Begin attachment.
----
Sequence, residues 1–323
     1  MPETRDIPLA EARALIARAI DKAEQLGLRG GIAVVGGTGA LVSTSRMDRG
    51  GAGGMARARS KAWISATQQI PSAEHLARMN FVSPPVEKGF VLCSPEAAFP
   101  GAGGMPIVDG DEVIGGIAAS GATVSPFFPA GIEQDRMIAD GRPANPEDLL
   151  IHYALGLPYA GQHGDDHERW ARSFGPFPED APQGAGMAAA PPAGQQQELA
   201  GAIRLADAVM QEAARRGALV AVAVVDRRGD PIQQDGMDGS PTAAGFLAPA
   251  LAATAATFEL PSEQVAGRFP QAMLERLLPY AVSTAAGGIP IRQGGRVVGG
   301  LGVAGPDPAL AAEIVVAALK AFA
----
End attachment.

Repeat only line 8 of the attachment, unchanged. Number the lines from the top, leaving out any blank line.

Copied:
   301  LGVAGPDPAL AAEIVVAALK AFA